Former New Jersey poet laureate Amiri Baraka, born LeRoi Jones, died on Thursday. A contemporary of Allen Ginsberg and Jack Kerouac, his later work was strongly influenced by his commitment to Black Nationalist ideals. His poems were as controversial as they were influential.
Faced with a rapid tempo one night, Kenny Clarke devised a new way to play the beat on the ride cymbal. His “spang-a-lang,” and the rhythmic ideas it generated, wound up transforming the way we feel swing ever after.
The New York music marathon turns 10 this year and expands far beyond its modest origins, but it remains a place to discover new views of improvisation. Hear tunes from groups like the Jeff Ballard Trio, Tillery and Aruán Ortiz’s Orbiting Quartet.
Whether famous or obscure, dozens of artists, producers, documentarians and others who contributed to the music’s growth left us last year. Here’s a thorough list — and 12 who didn’t make all the headlines.
Much as families reunite around the holidays, Jazz at Lincoln Center’s artistic director convened his own family reunion of sorts at the end of the year. His working band of the ’90s — one of his best — came together again to ring in 2014.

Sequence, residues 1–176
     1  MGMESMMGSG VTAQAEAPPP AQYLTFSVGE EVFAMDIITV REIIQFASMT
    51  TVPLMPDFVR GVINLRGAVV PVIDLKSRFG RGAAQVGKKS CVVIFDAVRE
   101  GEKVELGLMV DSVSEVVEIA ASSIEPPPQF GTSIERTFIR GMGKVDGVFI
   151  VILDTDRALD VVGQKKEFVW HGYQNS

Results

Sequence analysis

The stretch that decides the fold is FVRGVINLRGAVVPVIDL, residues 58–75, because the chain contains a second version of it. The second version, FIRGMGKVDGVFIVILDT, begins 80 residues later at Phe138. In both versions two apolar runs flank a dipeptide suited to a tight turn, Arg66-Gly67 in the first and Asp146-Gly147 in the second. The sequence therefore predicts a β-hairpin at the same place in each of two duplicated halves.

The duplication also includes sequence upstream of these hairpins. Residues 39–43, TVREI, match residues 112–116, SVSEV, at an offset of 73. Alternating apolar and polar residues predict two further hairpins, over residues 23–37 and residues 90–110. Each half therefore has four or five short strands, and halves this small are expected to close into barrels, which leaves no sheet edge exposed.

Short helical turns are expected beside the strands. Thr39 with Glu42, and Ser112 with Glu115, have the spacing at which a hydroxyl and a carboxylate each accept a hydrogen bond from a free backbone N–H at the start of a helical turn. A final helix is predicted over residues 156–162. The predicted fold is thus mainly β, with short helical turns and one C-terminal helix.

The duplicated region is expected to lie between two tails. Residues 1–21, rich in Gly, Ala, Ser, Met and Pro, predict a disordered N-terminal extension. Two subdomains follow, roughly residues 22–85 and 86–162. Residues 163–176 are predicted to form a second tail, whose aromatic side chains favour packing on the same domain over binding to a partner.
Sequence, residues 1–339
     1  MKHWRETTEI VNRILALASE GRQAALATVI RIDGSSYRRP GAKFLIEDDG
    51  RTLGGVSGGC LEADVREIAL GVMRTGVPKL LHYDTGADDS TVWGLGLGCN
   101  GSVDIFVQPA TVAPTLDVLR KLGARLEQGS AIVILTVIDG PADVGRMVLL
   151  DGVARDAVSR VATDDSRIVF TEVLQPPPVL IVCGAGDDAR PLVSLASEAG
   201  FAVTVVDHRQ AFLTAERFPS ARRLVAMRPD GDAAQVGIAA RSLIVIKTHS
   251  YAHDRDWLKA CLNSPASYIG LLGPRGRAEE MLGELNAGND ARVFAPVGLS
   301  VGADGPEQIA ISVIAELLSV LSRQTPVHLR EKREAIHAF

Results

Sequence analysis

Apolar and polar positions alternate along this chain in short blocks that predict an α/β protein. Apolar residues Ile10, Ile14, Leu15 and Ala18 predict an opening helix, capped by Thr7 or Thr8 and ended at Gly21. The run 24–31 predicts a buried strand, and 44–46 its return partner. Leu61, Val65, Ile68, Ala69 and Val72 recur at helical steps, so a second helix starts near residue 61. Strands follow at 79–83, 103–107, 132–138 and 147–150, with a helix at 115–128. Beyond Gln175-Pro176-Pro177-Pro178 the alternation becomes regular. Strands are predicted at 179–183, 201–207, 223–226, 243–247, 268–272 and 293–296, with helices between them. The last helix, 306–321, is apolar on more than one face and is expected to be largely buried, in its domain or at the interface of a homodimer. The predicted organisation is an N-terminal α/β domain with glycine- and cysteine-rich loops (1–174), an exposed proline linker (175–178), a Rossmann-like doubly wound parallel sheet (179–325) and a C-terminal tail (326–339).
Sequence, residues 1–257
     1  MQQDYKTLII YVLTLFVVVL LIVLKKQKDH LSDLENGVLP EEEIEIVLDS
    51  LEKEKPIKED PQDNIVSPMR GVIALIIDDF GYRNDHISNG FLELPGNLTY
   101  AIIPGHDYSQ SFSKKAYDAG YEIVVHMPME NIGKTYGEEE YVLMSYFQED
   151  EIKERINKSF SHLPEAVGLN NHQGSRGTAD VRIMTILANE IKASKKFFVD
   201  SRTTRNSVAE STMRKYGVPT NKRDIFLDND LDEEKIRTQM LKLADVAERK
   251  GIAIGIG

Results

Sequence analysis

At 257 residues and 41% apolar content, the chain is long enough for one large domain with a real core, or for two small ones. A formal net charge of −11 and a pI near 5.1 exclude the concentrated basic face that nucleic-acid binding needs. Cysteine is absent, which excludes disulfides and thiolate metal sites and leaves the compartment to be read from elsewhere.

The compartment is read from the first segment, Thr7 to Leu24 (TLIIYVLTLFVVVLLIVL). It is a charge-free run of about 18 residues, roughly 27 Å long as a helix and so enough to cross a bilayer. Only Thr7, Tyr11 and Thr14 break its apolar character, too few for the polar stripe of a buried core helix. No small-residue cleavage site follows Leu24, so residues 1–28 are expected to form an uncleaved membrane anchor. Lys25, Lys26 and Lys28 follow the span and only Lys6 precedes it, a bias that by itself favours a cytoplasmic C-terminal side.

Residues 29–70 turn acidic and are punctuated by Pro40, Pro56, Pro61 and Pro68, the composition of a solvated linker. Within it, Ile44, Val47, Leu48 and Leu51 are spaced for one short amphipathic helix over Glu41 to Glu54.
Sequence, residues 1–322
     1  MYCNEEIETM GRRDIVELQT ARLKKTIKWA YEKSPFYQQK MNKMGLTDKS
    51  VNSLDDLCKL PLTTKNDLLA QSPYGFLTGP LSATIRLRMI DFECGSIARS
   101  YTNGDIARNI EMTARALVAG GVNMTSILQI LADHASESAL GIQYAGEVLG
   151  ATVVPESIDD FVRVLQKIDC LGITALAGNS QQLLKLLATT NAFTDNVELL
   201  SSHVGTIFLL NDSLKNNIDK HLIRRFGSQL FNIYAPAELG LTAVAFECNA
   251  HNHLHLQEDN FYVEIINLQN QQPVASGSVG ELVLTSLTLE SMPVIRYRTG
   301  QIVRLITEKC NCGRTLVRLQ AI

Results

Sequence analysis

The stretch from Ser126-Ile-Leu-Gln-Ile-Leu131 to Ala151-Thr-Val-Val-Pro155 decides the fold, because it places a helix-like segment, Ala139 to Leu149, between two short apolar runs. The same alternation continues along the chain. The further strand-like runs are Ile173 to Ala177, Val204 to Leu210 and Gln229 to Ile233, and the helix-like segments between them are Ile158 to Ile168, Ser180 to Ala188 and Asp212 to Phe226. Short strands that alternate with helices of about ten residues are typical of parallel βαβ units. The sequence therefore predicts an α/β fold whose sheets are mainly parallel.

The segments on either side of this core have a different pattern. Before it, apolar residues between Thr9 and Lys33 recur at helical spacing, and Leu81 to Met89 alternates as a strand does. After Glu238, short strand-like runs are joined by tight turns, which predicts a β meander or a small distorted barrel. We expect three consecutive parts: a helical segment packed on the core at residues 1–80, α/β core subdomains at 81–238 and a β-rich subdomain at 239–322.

The tables are turned, as McPartland sits at the guest bench to discuss her life as a performer and as the host of Piano Jazz. She reminisces about moments from the program’s early days; then, guest host Elvis Costello sings as McPartland plays “Our Love Is Here to Stay.”
The decorated young jazz singer describes his gospel roots and performs songs from Liquid Spirit.
A 24-year-old with a taste for finely aged songs, the vocalist was one of the breakout jazz stars of 2013. Accompanied by pianist Aaron Diehl’s trio, she performs at the Kennedy Center’s Mary Lou Williams Festival.
A Jazz Messenger, a Young Lion, a New Orleans torchbearer, a mentor for new talent: when leading bands, the “King of Nouveau Swing” merges all that and more. The alto saxophonist leads a young rhythm section on New Year’s Eve.
The vocal gymnast comes from a musical family — his father was the first African American man to sing at the Metropolitan opera, and an important interpreter of spirituals. He sings his own takes on spirituals and then some — with his daughter.